Prepare for a successful proposal debrief

Implementing a Task Order Management System
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Prepare for a successful proposal debrief

You are entitled to a post-award debrief from the Government if you submit a written request within three days after being notified whether you won or lost. FAR 15.506 requires the Government to officially provide you feedback on your proposal. During the debrief, the government contracting officer and other evaluators will discuss the strengths and weaknesses they found in your proposal. They provide the overall evaluated price and technical ratings given to the winner along with their rationale for award. Knowing what to expect and how to prepare enable you to get the most value out of information provided during the debrief.

Always request a debriefing – win or lose. One of the benefits of attending a debrief whether or not you are the awardee is your ability to gather information you can use to improve the quality of future proposals. It is an opportunity to continue to building your relationship with the government customer and to make them more aware of your products and services. It also enables you to identify aspects of the proposal that should be carried over to contract performance. For example, if the customer indicates that your use of graphics make your solution easy to understand, then you may want to consider using similar graphics in the contract deliverables you provide the customer.

Understand what information the Government is required to disclose at the debrief. This information includes the:

  • evaluation of the significant weaknesses and deficiencies in your proposal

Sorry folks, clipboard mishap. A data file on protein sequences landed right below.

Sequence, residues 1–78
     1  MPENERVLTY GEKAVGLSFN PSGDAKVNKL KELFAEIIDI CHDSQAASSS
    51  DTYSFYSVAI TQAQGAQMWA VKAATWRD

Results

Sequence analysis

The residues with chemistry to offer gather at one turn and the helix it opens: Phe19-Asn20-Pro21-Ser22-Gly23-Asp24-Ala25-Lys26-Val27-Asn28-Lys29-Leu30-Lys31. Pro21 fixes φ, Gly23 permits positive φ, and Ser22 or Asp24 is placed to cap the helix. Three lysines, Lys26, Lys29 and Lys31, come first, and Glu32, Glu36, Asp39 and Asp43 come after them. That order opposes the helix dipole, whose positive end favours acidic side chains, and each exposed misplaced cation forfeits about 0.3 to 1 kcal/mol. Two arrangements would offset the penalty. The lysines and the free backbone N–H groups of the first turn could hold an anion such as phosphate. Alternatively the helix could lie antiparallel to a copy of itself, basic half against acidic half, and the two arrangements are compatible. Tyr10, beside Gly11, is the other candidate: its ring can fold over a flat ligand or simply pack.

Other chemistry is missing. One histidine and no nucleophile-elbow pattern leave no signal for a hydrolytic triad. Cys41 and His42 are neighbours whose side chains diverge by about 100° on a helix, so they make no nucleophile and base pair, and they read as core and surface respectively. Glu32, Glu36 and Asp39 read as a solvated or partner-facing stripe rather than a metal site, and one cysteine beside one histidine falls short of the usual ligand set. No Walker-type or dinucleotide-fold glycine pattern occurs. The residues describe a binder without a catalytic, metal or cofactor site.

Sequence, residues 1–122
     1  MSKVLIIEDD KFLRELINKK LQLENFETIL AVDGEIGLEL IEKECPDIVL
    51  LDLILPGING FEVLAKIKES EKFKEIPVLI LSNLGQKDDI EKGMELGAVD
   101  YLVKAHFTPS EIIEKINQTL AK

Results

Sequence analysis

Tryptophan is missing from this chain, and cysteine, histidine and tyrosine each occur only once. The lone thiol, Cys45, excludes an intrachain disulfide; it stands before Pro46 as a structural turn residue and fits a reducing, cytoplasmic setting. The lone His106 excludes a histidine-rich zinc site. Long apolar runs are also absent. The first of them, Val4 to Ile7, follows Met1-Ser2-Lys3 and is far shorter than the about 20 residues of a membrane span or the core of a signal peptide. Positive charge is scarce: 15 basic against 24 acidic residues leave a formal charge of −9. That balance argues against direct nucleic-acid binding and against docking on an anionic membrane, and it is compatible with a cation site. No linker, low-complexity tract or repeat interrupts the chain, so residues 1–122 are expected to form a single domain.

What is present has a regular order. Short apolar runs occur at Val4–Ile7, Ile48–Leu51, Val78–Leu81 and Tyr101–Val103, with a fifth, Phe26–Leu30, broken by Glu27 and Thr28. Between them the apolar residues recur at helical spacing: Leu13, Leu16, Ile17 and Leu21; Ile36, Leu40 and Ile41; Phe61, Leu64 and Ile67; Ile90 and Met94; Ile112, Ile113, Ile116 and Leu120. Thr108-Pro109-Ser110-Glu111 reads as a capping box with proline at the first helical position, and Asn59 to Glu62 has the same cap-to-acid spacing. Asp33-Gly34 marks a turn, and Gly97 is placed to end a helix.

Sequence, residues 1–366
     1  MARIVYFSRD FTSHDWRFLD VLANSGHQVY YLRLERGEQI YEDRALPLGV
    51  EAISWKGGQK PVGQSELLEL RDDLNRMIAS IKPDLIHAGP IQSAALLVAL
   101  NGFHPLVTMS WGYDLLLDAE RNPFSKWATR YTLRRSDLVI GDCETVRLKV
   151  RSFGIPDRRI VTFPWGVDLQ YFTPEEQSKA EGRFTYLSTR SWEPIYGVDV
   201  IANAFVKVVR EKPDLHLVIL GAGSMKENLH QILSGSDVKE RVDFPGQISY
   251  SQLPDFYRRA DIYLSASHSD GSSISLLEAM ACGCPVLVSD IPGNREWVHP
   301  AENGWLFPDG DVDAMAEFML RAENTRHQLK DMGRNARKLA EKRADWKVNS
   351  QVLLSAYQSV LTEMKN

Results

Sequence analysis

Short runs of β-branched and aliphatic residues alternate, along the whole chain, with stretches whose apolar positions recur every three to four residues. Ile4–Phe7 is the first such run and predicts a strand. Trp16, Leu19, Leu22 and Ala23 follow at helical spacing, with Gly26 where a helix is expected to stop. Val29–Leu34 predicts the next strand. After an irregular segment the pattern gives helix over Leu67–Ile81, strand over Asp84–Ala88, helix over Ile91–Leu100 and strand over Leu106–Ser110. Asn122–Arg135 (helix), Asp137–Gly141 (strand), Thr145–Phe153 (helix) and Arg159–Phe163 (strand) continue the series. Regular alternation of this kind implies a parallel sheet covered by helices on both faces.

• overall evaluated cost or price and technical rating of your proposal and, if you lost, the awardee’s proposal
  • evaluation of your past performance information
  • reasonable responses to relevant questions regarding whether the agency followed the terms of the solicitation and applicable law.

Information the Government is prohibited from providing includes anything that would be exempt from disclosure under the Freedom of Information Act. For example, prohibited information would include trade secrets, privileged or confidential processes, and privileged financial information.

Prepare questions before the debrief.  For example, if you lost, your questions may focus on learning if all proposals were consistently evaluated against the criteria included in the solicitation or why the other offer received the award. Ask questions about the features of your offer help you determine if your assumptions were correct, as well as why the Government liked or didn’t like these features. Possible questions may include:

  • How many bids were received?
  • What was your overall score?
  • What was the winner’s score?
  • How does your score rank you against the other bidders?
  • Did the winner have the lowest price?
  • What differentiated you from the other bidders?
  • Was your proposal easy to evaluate and score?
  • Did it contain any content that should have been substantiated better?
  • Does the customer have any recommendations to help you improve future proposals?

Listen carefully and take notes. You will only find the information you receive helpful if you understand it completely and accurately. Listen to the presentation of material before asking your questions, clarifying anything that wasn’t clear to you. Don’t use this as an opportunity to debate the outcome with the customer. It won’t help you to try to convince the customer the wrong decision was made. Keeping thorough and careful notes will help you remember what was presented so you can apply what you learned.

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